Free Indirect Discourse in Emma

 

By Dolores

Free indirect discourse (FID), is “an imitation of figurative speech or thought, in which the narrator echoes or mimics the idiom of the character for the purposes of the fiction” (Daniel Gunn). Jane Austen is seen as one of its first practitioners (Pascal), and Emma is a model. The style builds a free space for the interaction between the author, the narrator, and the readers. FID has two functions in the text: at first, it arouses suspicion and makes the narrative debatable; second, as the plot unfolds, the readers may generate emotions, and pay more attention to the characters..

The novel begins from the description of Emma, and the first function of FID can be observed, “Emma Woodhouse, handsome, clever, and rich, with a comfortable home and happy disposition, seemed to unite some of the best blessings of existence; and had lived nearly twenty-one years in the world with very little to distress or vex her” (Austen, 55). The introduction uses third-person speech, and it integrates thoughts into the narrator. Combined with the effect of irony, the author uses the word “clever” to depict Emma, which indicates her self-righteous behavior on match-making. At the same time, the readers realize that Emma’s happy life is based on her privileged background and superior social status. The discourse is full of uncertainty and ambiguity, since the words used to depict Emma are pretty positive, however, the tone is ironic. As a result, it makes the readers think about the real attitude of the author towards Emma.

On the other hand, the second function also works, one of the good examples is the relationship between Emma and Harriet Smith. “She [Harriet] was a very pretty girl, and her beauty happened to be of a sort which Emma particularly admired…Emma was as much pleased with her manners as her person, and quite determined to continue the acquaintance.” (Austen, 69) FID here works with the narrator who is also a charater(Emma). There is no “she thought”, “she said” in the text, Emma presents herself directly. Once the author uses FID, we entered into the character’s point of view. The way of moving the point of view, is just following by the narrator. According to Emma, we learn about Harriet’s beauty, and it is admired by Emma. Through Emma’s eyes, readers know the feeling of Emma towards Harriet. In the next paragraph, the speech turns to FID completely. Every reader becomes Emma here, observes and thinks about this new friend, “…that she must have good sense and deserve encouragement. Encouragement should be given…” (Austen, 69) These words are not only Emma’s evaluation on Harriet, they also hint that Harriet is different from Emma’s other friends, especially in social status. By depicting Emma’s consideration, Austen leads us fade into Emma gradually. The use of this technique puzzles the readers, while Emma interferes Harriet’s marriage, the readers must have no objection.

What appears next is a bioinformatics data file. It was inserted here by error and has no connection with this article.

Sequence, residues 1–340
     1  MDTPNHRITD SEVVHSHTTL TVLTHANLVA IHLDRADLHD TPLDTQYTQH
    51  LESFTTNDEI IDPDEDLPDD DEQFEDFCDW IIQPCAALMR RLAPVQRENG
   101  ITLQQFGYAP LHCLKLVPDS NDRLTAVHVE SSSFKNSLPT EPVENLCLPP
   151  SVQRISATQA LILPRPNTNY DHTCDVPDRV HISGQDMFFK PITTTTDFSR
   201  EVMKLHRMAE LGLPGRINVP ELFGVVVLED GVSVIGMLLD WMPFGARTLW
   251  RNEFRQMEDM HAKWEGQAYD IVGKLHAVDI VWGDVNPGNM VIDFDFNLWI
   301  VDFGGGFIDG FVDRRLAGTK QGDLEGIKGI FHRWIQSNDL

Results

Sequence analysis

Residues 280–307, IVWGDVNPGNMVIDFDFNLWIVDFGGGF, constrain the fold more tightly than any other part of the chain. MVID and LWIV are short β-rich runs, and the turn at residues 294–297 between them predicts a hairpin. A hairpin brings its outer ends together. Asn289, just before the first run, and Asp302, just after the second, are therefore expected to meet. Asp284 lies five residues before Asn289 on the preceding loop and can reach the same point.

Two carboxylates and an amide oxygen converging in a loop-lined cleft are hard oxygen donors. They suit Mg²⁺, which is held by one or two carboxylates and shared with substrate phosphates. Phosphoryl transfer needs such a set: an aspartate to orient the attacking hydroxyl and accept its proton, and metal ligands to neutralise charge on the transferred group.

Overall, free indirect discourse is a crucial part of the novel. According to free indirect discourse, Emma’s thoughts are learnt by the readers. The return from a fair narrator to Emma, a role with strong subjectivity, increases the tension between the narrator and the readers, so that the topic of the novel is revealed: the weakness of human judgment.

 

 

Lush rolling green English countryside
Scenic landscape view of lush rolling green hills in the English countryside with sunlight breaking through morning mist and cloud

 

 

 

Works Cited

  1. Austen, Jane and Flieger Samuelian, Kristin. Emma. Toronto: broadview, 2004. Print.
  2. Pascal, Roy. “The Dual Voice”. Manchester: Manchester University Press, 1977. Print.
  3. http://ireadthisbook.tumblr.com/post/2513000648/936-emma-by-jane-austen

 

Images Sourced From:

10 Quotes From Jane Austen’s Emma That Can Teach Us About Life

http://www.freeimages.co.uk/galleries/nature/views/slides/english_countryside.htm

 

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